The Boston Occupier newspaper had, at this time, just published its second print edition. I attended a meeting because it seemed to me that a print newspaper had the potential to be an effective instrument of Outreach.
The first project I took on at the Boston Occupier was to contact and solicit statements from as many active Occupy groups in Mass. as I could track down. My role in this project was basically that of compilator. The point which I sought to make through this compilation was that little Occupy groups had been springing up all around the greater Boston area well before the eviction from Dewey Square and that these groups had continued to grow and multiply in the weeks after the eviction. It seemed to me that, at that precise political conjuncture — that is, mid December 2011 — the facts of the movement’s growth and diversification were of the highest importance for the movement. These facts needed to be represented to participants in Occupy Boston and also to other people in the region.
So, those were the strategic motivations for taking on this particular project for the Boston Occupier in mid December. I was fortunate to be producing the compilation for a newspaper and hence on a short deadline. It was quite time-consuming.
Between the end of December and this past July the Boston Occupier became my primary site of political work. I contributed a small number of news stories during those months, none so involved as that first one. More importantly, I simply shared in the collective work of producing a movement newspaper.
I’ll skip over any description of what that actually involved. Suffice to say that I enjoyed this work and I learned a great deal from the experience of working with a group of people who had, quite simply, come together around the idea of a movement newspaper. This was indeed a self-selected group, but it nevertheless included a considerable range of different political perspectives, life experience, and styles of engagement. We had to find ways of working together. I found that experience of working together to be enormously instructive.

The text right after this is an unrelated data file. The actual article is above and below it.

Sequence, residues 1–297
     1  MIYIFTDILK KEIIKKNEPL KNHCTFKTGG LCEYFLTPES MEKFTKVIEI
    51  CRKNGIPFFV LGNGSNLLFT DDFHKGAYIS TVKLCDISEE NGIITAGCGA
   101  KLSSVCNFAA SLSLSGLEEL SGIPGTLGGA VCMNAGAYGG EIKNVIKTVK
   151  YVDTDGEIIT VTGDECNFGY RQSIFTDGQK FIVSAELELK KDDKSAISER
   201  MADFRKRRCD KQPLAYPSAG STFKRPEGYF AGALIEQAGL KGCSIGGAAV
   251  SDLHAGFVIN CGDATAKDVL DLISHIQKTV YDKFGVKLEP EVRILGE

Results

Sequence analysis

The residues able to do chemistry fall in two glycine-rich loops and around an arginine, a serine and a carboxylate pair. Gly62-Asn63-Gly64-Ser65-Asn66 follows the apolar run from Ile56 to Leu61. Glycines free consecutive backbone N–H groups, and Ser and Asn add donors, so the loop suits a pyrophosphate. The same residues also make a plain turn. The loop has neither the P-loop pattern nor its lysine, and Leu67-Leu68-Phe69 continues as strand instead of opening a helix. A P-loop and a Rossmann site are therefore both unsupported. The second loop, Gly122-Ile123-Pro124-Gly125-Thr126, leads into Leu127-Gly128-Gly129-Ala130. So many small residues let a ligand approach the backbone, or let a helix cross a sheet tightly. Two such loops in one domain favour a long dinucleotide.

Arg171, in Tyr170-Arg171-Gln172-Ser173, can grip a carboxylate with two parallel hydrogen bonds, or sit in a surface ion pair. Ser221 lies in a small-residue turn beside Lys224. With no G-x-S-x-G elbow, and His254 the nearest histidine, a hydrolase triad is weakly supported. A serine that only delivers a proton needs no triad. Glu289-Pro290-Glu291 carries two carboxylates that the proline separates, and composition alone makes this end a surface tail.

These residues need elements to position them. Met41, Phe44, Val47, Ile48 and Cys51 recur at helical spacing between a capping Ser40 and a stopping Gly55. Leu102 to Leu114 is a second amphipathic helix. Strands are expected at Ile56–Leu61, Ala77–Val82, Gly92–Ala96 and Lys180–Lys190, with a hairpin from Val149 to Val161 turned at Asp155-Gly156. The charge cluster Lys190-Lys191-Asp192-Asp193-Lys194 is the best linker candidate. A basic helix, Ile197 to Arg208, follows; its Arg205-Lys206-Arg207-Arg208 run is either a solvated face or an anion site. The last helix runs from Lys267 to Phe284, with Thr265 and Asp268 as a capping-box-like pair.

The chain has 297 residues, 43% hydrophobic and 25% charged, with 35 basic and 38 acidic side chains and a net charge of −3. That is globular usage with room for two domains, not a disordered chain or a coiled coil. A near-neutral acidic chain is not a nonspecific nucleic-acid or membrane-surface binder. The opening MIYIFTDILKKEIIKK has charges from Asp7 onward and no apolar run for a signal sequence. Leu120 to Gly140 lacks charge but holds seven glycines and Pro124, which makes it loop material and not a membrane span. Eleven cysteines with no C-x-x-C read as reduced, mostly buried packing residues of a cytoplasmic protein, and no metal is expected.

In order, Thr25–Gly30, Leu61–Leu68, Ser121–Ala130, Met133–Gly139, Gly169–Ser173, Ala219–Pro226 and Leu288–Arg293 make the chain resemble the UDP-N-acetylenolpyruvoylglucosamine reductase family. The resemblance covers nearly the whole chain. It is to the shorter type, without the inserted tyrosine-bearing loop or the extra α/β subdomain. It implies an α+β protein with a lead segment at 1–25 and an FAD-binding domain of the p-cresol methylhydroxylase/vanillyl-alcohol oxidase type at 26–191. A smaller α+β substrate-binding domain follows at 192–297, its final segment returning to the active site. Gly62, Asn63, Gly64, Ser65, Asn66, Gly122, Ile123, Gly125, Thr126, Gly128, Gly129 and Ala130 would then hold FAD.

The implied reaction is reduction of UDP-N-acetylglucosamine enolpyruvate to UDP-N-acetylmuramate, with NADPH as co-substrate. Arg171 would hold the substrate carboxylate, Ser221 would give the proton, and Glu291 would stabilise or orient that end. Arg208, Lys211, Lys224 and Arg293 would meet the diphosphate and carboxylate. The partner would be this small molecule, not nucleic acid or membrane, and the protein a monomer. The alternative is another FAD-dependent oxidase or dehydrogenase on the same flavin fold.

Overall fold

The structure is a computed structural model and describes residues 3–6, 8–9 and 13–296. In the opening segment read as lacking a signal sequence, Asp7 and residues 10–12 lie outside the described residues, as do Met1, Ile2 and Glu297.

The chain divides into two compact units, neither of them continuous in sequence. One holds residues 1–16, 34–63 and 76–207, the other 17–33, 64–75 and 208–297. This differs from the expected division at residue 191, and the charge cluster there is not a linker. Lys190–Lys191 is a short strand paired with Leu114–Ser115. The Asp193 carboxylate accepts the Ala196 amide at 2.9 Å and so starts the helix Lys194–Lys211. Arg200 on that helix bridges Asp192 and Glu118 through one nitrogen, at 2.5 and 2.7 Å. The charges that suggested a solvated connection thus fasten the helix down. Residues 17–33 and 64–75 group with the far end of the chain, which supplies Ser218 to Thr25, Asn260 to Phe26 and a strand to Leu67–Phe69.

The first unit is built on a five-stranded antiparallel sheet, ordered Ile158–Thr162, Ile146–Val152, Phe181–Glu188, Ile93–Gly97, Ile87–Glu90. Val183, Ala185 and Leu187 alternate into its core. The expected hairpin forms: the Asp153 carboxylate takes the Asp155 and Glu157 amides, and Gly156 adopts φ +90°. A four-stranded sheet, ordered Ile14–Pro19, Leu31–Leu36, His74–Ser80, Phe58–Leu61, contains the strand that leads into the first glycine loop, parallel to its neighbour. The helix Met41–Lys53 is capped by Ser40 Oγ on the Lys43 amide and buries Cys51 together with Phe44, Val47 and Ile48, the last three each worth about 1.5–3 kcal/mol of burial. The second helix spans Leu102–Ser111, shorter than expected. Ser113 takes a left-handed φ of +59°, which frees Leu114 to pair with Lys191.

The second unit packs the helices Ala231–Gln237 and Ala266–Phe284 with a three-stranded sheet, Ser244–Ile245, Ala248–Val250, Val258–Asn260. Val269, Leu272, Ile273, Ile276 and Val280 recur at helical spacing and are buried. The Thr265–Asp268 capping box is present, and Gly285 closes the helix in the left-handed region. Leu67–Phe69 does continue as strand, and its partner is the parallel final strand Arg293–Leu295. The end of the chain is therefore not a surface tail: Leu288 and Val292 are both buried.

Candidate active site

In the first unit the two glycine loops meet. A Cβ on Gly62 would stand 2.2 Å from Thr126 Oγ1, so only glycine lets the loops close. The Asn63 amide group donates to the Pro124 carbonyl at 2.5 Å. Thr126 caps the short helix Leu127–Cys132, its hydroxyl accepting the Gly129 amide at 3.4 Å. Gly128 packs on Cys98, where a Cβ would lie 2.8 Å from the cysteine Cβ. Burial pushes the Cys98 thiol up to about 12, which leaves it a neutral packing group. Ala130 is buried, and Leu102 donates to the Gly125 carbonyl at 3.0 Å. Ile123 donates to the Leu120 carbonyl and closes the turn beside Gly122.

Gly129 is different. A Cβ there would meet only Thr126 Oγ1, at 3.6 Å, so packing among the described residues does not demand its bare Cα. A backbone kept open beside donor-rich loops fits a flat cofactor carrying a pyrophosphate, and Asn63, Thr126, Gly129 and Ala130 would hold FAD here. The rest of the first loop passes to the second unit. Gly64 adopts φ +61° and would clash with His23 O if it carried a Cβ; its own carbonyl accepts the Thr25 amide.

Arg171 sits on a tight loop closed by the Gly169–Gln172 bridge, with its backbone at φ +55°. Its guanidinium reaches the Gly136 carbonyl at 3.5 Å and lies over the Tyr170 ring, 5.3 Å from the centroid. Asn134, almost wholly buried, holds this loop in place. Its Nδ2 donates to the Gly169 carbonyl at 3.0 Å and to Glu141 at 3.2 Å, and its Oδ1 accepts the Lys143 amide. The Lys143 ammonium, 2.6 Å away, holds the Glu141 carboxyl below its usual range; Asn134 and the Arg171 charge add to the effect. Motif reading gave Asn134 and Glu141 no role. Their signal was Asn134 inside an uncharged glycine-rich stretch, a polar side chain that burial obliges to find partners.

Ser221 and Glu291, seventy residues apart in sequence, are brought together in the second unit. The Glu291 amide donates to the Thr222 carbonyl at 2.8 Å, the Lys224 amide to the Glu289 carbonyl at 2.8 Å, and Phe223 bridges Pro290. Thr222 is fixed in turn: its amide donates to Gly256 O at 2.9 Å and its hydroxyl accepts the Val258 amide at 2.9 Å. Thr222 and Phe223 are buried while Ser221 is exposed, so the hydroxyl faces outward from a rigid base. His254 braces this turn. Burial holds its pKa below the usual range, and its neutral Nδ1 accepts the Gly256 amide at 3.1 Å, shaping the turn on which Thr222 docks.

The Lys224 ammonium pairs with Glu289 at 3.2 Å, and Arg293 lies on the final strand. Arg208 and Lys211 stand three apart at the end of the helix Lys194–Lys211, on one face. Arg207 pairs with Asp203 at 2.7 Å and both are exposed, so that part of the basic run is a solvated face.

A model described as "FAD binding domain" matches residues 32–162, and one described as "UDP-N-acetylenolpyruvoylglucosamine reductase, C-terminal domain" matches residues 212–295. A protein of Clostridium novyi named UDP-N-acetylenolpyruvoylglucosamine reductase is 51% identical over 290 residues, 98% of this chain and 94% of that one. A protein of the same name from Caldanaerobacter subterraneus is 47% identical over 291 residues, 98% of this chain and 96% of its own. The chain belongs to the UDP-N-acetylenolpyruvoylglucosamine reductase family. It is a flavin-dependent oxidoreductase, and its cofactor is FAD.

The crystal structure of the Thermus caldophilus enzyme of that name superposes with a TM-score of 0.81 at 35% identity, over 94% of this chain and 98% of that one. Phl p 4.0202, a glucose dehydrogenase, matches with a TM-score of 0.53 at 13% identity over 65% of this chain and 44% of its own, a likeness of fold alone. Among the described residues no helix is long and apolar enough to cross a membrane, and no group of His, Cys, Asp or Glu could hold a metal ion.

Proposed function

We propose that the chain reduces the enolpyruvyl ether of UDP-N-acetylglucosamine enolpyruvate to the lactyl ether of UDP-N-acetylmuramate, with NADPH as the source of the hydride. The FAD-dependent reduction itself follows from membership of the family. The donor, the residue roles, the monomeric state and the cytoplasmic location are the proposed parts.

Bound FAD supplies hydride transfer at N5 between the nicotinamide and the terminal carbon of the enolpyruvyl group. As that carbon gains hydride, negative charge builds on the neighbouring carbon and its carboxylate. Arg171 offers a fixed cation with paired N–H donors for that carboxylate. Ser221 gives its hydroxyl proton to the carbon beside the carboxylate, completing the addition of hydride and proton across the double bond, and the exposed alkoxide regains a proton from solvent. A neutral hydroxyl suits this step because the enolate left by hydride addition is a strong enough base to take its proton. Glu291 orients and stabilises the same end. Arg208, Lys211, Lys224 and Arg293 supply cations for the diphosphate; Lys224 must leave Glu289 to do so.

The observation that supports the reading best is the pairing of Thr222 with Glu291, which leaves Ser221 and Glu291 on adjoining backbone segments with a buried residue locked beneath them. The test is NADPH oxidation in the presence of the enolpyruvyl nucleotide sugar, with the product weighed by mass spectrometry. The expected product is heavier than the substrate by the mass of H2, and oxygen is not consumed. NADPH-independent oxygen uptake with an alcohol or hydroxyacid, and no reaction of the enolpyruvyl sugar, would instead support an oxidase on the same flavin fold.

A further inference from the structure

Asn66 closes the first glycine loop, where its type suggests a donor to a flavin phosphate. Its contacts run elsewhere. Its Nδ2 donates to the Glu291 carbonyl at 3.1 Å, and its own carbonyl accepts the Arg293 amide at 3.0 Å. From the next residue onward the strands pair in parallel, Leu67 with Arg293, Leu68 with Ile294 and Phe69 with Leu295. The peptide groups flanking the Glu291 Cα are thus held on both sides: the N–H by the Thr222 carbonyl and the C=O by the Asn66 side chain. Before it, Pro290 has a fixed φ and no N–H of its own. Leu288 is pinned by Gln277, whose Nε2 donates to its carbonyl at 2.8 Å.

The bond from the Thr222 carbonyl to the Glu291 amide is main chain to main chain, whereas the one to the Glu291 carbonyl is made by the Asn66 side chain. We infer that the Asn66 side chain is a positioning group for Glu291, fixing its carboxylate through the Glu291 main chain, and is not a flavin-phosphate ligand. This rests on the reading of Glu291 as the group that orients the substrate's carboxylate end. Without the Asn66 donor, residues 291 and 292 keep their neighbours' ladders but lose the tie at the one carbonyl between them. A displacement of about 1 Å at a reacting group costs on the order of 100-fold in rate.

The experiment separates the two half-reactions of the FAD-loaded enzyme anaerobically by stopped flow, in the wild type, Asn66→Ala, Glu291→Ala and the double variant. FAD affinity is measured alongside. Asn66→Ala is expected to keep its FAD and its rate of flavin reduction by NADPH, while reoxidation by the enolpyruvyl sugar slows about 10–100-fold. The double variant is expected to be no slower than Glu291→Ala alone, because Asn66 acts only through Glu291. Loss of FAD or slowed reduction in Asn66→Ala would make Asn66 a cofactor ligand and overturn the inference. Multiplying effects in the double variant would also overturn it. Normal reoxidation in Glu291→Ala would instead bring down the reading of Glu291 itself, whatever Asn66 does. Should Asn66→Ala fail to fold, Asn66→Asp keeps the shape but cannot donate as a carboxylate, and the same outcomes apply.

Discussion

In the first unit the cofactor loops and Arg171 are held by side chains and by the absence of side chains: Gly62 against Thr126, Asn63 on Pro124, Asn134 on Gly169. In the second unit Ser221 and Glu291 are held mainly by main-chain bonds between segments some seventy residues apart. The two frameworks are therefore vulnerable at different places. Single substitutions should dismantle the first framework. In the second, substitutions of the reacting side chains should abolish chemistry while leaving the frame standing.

Now, to conclude these remarks, I want to suggest that my experience of this political work did not connect in any way that I can see to my professional research specialization as a medievalist. It had very little resemblance to seminar meetings, reading groups, or the theory-inflected conversations I enjoy so much. The point of intersection between this political work and my practice of humanities was instead at a different level: the level of writing-as-craft, the level of collaborative decision-making, and at the level of project organization. That is, political work bore some resemblance to faculty meetings, committee work, commenting on student writing, and participating in “staff development” sessions.
Working on a movement newspaper was like reading student essays, but without the institutional separation which divides us into students and professors. Likewise, our newspaper meetings bore some resemblance to committee work, but with the important difference that the Boston Occupier is worker-organized.